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Early childhood educators are being forced to make poor choices just when parents need them most




Making choices can be hard, but in a high-quality early learning environment, young children discover how to make wise choices one step at a time. Teachers help them understand how to work out a problem, make a plan to solve it and, finally, do something about it. When made poorly, the wrong decision can have devastating consequences. Early childhood advocates like us understand this. And that’s why we are deeply concerned about a choice that politicians are about to make that could have devastating consequences for families today as well as generations to come.

With the debt ceiling/deficit reduction agreement signed into law in June, federal agencies are being asked to tighten their belts and make spending cuts. Head Start and Early Head Start program directors now find themselves facing a difficult decision: They can choose to pay their teachers a livable wage or choose to continue serving children and families who need access to these life-changing programs. Sadly, current budget limitations won’t allow the program directors to do both.

Children who participate in Head Start and Early Head Start make significant progress in language and literacy and have better physical and emotional health outcomes throughout life. The Federal government prompted this tough choice when they told program directors that they may redirect funds typically used to serve children toward pay raises for teachers. Their hope was that raises will help directors retain existing staff and entice new workers at a time when Head Start and Early Head Start programs across the country are having difficulty doing so due to shamefully low wages. Related: Infants and toddlers in high quality child care seem to reap the benefits longer, research says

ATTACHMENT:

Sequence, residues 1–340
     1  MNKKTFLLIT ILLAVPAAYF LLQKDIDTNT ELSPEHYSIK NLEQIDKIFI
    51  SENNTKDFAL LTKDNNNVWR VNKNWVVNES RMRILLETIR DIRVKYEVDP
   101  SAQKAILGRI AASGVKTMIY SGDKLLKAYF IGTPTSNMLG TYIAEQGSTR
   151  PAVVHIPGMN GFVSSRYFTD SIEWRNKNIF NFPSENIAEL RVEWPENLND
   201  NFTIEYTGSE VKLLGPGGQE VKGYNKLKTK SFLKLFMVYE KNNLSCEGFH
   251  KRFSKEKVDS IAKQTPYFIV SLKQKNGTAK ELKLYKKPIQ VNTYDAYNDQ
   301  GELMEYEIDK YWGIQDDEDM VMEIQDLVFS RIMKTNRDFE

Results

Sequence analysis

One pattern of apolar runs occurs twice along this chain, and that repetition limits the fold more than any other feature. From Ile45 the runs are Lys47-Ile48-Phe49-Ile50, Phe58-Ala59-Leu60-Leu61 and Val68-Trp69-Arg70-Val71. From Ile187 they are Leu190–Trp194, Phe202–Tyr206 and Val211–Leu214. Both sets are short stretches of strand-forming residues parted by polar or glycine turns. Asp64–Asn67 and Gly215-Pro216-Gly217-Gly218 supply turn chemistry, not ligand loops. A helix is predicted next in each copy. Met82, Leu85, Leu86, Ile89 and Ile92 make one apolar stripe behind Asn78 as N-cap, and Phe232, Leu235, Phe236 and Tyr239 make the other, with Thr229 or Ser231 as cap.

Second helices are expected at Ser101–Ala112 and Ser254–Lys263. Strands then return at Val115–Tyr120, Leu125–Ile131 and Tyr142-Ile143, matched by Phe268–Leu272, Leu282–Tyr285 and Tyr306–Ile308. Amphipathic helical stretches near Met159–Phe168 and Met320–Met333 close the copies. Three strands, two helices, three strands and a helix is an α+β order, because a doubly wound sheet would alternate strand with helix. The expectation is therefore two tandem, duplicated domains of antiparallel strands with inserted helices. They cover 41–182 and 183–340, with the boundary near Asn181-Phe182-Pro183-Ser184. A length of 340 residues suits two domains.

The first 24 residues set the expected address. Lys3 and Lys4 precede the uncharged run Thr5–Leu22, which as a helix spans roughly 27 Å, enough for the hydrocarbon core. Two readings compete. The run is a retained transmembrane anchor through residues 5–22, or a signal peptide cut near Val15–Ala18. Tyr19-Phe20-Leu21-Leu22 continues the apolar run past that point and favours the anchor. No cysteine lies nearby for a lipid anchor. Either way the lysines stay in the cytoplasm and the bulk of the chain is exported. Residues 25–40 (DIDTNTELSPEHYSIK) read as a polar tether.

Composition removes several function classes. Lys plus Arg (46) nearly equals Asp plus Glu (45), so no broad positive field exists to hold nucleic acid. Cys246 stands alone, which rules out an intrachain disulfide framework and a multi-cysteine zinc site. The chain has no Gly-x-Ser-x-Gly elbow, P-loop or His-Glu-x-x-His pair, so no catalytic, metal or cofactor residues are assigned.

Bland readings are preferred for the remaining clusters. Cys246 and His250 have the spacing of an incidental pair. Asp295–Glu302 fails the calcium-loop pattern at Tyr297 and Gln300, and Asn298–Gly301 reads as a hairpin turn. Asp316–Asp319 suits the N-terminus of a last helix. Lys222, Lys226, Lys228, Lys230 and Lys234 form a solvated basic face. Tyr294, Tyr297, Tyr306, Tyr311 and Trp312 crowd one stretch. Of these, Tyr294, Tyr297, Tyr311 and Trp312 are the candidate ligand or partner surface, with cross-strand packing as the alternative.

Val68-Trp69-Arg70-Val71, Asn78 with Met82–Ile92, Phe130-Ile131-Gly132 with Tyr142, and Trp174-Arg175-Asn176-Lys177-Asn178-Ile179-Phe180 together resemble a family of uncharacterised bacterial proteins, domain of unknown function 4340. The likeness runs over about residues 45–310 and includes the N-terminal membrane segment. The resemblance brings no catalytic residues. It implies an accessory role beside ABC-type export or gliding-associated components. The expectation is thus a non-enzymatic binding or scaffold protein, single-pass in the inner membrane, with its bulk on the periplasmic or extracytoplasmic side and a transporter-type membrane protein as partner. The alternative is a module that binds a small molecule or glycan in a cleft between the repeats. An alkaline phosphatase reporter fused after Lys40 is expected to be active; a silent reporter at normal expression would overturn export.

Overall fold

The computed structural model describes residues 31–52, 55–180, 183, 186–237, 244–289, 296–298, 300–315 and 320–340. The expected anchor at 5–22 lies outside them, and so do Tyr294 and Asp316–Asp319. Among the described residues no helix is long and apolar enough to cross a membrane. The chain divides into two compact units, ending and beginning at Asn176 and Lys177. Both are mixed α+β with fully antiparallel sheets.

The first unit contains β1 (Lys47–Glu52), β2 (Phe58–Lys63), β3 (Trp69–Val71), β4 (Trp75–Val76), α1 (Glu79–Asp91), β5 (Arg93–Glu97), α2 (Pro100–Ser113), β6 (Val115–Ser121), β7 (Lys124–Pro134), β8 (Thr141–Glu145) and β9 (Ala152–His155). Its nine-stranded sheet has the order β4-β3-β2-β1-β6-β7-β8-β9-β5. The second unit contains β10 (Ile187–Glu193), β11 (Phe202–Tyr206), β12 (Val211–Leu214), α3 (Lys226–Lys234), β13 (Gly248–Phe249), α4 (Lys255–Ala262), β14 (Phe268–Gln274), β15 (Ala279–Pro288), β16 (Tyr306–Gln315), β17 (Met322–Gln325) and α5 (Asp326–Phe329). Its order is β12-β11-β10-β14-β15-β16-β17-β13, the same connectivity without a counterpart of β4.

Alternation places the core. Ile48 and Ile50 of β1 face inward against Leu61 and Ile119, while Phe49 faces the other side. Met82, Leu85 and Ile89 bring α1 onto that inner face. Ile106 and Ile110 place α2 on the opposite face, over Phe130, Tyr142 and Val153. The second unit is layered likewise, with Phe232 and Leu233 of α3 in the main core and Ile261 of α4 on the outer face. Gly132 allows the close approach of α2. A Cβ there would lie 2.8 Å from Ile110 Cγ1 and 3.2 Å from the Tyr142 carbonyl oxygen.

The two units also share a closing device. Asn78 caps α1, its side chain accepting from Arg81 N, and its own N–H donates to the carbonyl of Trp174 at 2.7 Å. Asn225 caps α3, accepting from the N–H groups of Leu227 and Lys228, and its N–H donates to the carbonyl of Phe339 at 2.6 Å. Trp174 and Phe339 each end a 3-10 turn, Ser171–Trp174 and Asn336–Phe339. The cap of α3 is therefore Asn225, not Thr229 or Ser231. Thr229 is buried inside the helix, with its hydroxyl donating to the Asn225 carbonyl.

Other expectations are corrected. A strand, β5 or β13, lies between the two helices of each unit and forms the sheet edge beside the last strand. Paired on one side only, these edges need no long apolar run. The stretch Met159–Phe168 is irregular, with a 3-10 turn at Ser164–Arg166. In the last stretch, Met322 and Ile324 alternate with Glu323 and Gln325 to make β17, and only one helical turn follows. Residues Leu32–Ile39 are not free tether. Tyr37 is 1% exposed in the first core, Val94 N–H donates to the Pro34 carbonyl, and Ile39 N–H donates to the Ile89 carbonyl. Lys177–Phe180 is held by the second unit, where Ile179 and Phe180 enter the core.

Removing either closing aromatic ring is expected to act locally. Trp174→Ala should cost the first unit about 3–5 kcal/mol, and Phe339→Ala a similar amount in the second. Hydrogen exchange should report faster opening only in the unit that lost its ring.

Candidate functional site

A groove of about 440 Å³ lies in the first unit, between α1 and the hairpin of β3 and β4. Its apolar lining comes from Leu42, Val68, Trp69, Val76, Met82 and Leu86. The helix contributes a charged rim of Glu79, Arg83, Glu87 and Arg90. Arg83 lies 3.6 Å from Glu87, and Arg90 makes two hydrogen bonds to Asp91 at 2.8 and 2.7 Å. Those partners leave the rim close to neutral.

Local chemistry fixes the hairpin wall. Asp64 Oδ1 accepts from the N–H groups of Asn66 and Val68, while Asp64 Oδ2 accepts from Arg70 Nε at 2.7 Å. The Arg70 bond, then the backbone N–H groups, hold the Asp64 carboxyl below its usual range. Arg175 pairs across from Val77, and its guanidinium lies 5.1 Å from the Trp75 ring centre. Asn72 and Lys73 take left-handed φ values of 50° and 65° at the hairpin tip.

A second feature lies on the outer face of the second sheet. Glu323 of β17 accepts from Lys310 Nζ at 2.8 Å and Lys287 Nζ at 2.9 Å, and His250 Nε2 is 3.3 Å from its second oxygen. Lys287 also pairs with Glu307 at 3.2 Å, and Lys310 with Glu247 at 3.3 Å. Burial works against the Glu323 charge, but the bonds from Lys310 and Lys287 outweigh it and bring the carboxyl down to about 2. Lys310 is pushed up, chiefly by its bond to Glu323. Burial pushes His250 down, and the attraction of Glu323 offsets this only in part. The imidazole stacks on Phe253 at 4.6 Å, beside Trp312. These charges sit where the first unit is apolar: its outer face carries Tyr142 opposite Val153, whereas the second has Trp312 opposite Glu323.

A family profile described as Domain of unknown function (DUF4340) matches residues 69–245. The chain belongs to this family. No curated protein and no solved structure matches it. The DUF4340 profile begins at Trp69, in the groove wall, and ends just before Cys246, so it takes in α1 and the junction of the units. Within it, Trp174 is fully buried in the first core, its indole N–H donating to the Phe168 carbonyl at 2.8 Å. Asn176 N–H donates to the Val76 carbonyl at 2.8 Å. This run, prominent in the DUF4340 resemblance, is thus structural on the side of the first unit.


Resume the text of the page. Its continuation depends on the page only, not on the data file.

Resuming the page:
ut while that’s a potential win for the teachers, it would syphon away money needed to serve children by limiting access for low-income families in communities where underfunded Head Start and Early Start programs already can’t serve all the children who qualify. That leaves administrators forced to choose between teachers and children, and it is just one more symptom of a broken system. Over 50 years ago, America made the choice to not fully fund Head Start, and we’ve been paying for it in social spending ever since by leaving families in intergenerational poverty rather than making the investment needed to break that cycle. Head Start was launched in 1965 to give low-income children a summer catch-up program that would, it was hoped, enable them to start kindergarten on target with their wealthier peers. One summer was never enough to achieve this goal, and over the next few decades Head Start transformed into a full-day program for children between 3 and 5 years old. Early Head Start was created in 1994 to serve babies and toddlers up to age 3. Once again, the U.S. did not invest enough to meet the needs of all families with very young children living in poverty. Head Start and Early Head Start are still not reaching nearly the number of children living in poverty that they could if fully funded.